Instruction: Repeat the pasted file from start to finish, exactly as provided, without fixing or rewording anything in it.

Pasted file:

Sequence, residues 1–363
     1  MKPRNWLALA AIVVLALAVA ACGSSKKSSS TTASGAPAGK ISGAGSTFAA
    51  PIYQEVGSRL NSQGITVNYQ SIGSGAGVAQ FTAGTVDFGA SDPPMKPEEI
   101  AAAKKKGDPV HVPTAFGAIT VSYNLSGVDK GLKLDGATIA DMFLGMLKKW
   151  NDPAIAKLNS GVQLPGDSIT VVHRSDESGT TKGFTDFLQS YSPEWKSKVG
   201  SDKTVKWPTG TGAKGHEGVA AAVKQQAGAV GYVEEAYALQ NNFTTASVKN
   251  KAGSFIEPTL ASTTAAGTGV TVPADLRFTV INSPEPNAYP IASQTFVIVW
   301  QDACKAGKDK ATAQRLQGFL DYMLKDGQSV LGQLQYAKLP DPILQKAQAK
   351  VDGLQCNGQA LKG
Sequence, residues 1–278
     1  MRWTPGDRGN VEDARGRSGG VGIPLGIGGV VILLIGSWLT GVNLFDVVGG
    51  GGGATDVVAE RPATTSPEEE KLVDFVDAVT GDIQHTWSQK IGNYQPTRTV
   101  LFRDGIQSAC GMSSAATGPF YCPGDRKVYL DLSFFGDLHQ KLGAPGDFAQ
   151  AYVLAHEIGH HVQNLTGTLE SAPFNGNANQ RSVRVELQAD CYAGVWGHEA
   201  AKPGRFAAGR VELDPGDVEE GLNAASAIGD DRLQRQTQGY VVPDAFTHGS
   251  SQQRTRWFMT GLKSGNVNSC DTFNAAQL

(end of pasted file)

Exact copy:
Sequence, residues 1–363
     1  MKPRNWLALA AIVVLALAVA ACGSSKKSSS TTASGAPAGK ISGAGSTFAA
    51  PIYQEVGSRL NSQGITVNYQ SIGSGAGVAQ FTAGTVDFGA SDPPMKPEEI
   101  AAAKKKGDPV HVPTAFGAIT VSYNLSGVDK GLKLDGATIA DMFLGMLKKW
   151  NDPAIAKLNS GVQLPGDSIT VVHRSDESGT TKGFTDFLQS YSPEWKSKVG
   201  SDKTVKWPTG TGAKGHEGVA AAVKQQAGAV GYVEEAYALQ NNFTTASVKN
   251  KAGSFIEPTL ASTTAAGTGV TVPADLRFTV INSPEPNAYP IASQTFVIVW
   301  QDACKAGKDK ATAQRLQGFL DYMLKDGQSV LGQLQYAKLP DPILQKAQAK
   351  VDGLQCNGQA LKG
Sequence, residues 1–278
     1  MRWTPGDRGN VEDARGRSGG VGIPLGIGGV VILLIGSWLT GVNLFDVVGG
    51  GGGATDVVAE RPATTSPEEE KLVDFVDAVT GDIQHTWSQK IGNYQPTRTV
   101  LFRDGIQSAC GMSSAATGPF YCPGDRKVYL DLSFFGDLHQ KLGAPGDFAQ
   151  AYVLAHEIGH HVQNLTGTLE SAPFNGNANQ RSVRVELQAD CYAGVWGHEA
   201  AKPGRFAAGR VELDPGDVEE GLNAASAIGD DRLQRQTQGY VVPDAFTHGS
   251  SQQRTRWFMT GLKSGNVNSC DTFNAAQL